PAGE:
Concept Art Portfolio Assignment
For any [Concept] assignments, carefully following the instructions provided is an important part of the challenge. Some instructions will be more rigid than others, but they are generally designed to give you the idea of working with a team. Some choices are out of your control, some guidelines are already set, and you need to willingly work with these restrictions to pull out something interesting.Asset Production
One of the big leaps that an artist has to make from being an individual artist or student to being an artist as part of a large project, is getting acclimated to working within a defined set of rules in regards to design and style, rather than simply following whatever fancies or habits they may have. (And as one rises in the ranks, it becomes important to learn how to define and communicate these rules for the sake of more junior artists or outsource studios.)
This assignment is about demonstrating the ability to work within a set context, as one would have to in a studio. The set up in a similar manner to many studio art tests: I will provide a demonstration prop that fits in the world and a set of rules that define the style and requirements of the concept artwork.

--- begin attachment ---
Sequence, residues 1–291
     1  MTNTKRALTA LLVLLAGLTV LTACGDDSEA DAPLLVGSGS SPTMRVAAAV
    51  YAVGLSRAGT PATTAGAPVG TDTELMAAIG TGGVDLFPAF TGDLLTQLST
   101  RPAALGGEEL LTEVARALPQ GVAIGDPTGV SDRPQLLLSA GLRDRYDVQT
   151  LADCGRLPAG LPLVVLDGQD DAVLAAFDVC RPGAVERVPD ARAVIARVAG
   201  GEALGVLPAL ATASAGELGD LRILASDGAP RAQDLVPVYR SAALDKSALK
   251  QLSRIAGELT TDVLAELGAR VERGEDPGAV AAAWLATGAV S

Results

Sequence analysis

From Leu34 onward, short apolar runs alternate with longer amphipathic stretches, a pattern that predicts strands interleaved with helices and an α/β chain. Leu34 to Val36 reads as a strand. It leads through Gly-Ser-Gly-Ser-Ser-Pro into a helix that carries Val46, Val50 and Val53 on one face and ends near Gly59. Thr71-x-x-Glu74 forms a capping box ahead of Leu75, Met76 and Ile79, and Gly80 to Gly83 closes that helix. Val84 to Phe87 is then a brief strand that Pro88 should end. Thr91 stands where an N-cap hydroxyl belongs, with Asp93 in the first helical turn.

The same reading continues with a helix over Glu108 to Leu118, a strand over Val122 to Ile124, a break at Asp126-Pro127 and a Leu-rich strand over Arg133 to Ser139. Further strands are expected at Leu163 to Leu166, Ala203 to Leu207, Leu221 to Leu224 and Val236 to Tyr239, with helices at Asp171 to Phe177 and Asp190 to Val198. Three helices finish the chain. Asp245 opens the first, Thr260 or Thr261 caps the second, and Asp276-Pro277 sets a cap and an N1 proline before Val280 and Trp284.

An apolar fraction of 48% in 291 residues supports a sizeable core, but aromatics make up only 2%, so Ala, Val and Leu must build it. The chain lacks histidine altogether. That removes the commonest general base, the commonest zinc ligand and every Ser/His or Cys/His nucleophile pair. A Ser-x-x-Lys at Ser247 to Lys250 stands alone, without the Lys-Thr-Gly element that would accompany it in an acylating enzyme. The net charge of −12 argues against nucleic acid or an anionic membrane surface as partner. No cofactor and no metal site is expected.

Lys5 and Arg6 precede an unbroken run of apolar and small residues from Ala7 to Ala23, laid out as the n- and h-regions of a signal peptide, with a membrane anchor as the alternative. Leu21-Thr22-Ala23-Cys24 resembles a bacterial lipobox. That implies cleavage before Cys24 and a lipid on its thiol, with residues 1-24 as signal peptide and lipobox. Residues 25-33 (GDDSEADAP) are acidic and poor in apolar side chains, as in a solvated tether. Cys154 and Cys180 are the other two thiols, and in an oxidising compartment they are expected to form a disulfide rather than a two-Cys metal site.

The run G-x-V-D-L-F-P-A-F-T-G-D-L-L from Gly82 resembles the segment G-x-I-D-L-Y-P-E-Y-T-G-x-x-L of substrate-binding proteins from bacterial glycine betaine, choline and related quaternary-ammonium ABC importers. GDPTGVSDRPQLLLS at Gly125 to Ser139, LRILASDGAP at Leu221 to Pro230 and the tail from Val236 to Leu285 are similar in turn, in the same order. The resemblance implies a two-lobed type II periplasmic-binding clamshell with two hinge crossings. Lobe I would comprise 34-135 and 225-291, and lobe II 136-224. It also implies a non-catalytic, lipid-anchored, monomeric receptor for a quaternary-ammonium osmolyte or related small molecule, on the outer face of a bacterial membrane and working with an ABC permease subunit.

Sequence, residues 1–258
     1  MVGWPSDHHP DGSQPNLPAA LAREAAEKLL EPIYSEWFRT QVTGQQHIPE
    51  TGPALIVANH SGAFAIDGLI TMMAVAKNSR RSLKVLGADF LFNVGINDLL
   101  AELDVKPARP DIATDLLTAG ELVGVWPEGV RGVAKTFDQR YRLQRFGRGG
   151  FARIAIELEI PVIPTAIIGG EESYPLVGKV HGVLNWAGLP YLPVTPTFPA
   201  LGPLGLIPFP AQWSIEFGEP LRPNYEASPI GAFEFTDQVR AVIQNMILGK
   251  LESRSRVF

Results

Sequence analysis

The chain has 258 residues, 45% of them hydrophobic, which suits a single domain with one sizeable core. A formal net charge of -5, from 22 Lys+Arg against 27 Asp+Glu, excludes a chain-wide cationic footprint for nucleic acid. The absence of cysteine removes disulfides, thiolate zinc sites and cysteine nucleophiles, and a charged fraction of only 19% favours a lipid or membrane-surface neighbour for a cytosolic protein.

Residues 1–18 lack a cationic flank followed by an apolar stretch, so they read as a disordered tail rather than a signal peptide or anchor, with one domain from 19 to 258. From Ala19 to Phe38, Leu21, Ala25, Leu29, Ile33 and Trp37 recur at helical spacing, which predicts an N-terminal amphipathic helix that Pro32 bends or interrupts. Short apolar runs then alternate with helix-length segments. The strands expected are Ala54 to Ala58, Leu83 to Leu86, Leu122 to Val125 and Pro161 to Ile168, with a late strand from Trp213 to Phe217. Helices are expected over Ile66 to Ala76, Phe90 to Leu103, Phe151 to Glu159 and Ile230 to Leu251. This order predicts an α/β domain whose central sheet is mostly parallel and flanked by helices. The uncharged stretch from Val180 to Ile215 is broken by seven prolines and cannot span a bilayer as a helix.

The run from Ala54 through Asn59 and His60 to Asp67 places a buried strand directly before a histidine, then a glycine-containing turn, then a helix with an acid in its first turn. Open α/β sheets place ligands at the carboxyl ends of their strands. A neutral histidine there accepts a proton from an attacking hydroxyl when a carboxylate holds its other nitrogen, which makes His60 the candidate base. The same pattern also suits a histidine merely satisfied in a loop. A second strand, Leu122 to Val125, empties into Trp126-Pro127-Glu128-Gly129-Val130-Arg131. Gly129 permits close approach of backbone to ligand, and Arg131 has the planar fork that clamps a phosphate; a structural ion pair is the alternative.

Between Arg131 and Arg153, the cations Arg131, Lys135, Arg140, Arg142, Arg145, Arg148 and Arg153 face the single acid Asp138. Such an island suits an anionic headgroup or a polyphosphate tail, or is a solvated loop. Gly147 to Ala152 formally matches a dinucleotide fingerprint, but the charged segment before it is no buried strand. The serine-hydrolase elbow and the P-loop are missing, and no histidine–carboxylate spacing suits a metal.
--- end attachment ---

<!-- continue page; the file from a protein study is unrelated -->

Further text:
Following that will be some short briefs on some items that one might be tasked to produce on such a project, possibly with some loosely defined references to give some starting inspiration. The assignment is to choose one such object and create a completed color concept that follows the set guidelines.
Remember, the goal of concept art is not simply to provide a fancy picture; it's to make a plan that the modellers, texture artists, and animators will be able to follow. A concept may require additional information such as more detailed material samples or design motifs, callouts indicating where vfx work is needed (smoke, fire, etc.), sketches of different viewpoints of the object, sketches determining animation or game design requirements (ie: the differences between an "On" and "Off" state, for example). When useful, try to include this additional information in your final concept, or in an additional sheet.Assignment Style Guide: